Workplace cannabis: What employers and employees need to know

Since the passage of Proposition 64 making recreational cannabis legal in California, there has been some confusion among employers as to whether they are required to accommodate an employee's use or possession of the drug.

What should an employer do, for instance, if a new employee tests positive for cannabis? Since use of cannabis for medicinal purposes has been legal since 1996, what if a worker presents a doctor's note for it? Are employees now allowed to smoke, vape or nibble cannabis edibles while at work? What if an accident occurs and an employee subsequently tests positive for cannabis?

The short answer is that employers do not have any obligation to accommodate cannabis use.

Like John Travolta explained in the film 'Pulp Fiction,' 'It's legal, but it ain't a hundred percent legal.'


'There is some misinterpretation that employers can't fire employees now that [cannabis is] legal, but employers can still enforce their policies as there is nothing in the law that says they have to accommodate that,' said Robin Largent, partner at Carothers Disante & Freudenberger LLP in Sacramento.

Although legal issues have arisen over the termination of workers for cannabis use, employers are protected by language in the law.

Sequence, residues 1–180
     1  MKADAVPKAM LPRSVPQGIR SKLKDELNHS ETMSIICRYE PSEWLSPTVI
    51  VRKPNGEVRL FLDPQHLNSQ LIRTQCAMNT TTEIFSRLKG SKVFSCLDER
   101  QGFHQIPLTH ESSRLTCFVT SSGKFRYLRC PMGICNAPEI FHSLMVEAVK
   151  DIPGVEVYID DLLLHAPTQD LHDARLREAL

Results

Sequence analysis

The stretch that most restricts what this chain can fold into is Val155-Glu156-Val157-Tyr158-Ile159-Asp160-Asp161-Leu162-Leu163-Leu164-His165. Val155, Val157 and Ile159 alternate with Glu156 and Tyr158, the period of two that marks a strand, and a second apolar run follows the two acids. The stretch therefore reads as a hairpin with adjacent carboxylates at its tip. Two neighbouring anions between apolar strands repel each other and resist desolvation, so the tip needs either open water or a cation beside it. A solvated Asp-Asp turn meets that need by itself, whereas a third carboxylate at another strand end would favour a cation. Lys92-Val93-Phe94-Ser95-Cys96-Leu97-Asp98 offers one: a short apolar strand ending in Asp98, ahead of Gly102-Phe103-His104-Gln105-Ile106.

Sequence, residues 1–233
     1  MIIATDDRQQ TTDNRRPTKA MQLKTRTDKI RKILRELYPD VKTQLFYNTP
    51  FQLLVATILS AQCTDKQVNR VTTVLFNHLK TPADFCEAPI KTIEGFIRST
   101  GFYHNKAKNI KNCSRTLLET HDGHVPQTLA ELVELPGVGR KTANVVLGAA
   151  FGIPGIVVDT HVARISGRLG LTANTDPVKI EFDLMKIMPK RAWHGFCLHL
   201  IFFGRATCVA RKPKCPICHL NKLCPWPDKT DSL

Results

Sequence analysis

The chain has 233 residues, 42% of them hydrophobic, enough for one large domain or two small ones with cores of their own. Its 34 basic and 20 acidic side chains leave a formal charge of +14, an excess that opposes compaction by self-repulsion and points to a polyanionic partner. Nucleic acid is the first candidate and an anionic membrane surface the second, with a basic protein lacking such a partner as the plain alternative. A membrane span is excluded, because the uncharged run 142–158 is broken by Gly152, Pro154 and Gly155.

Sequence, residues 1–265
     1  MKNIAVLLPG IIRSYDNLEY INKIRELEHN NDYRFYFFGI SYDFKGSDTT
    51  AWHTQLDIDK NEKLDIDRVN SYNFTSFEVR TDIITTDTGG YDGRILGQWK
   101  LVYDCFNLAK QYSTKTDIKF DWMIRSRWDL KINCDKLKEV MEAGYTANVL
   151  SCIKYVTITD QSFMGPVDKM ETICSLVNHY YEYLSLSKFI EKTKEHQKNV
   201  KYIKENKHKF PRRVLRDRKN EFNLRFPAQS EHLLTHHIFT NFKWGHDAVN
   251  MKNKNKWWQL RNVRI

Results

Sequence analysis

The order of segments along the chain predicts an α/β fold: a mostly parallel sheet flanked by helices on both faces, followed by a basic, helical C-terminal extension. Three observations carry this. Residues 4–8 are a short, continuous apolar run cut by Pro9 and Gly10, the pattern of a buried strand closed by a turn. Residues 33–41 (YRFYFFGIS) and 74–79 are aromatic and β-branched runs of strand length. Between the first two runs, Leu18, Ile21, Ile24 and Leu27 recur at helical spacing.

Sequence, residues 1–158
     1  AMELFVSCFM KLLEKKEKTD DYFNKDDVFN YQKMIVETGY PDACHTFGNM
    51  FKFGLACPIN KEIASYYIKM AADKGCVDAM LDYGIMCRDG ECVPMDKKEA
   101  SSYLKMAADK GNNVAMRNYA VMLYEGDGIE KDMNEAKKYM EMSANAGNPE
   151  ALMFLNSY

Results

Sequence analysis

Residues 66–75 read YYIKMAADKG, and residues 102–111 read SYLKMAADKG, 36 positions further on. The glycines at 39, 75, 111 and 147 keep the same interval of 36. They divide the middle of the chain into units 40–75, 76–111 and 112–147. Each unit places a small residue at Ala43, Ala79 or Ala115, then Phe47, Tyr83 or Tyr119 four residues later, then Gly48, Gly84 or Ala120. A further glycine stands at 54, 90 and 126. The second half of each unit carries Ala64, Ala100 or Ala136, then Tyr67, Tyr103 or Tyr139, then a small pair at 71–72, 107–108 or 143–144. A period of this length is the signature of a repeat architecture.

'Prop. 64 does nothing to change an employer's right to drug testing or termination. There is a clause specifically written into the legislation that expressly protects an employer's right to do so. In 2008, Prop. 19 failed because it did not have that clause,' said Susan T. Daniel, founder and principal of Employee Relations Consultants, a human resource consulting firm in Santa Rosa, and also instructor of employment law at Empire Law School.


Largent cited a seminal 2008 decision — Ross vs. RagingWire Telecommunications — in which the California Supreme Court dismissed a lawsuit by an employee who had tested positive for marijuana in a pre-employment drug screen. The court ruled that legalized medical marijuana did not create a general right to use it, but the allowance only protected patients from criminal sanctions.

'Under California law, an employer may require pre-employment drug tests and take illegal drug use into consideration in making employment decisions,' the ruling said.

'The law in this case immunizes employees from criminal law but doesn't change an employer's drug policy,' Largent said.

In 2016, a federal district court in California reaffirmed that an employer, in this case Kohl's department store, maintains the right to discipline employees even where the marijuana use is recommended by a physician: 'It does not violate [California's laws against workplace discrimination] to terminate an employee based on their use of marijuana, regardless of why they use it,' the ruling said.


A November report from the California Worker's Compensation Institute, a private nonprofit organization of insurers and self-insured employers, also states employers are free to ban the use or possession of marijuana on the job.

Furthermore, federal laws, including the Americans with Disabilities Act and the Family Medical Leave Act also do not protect marijuana use in the workplace.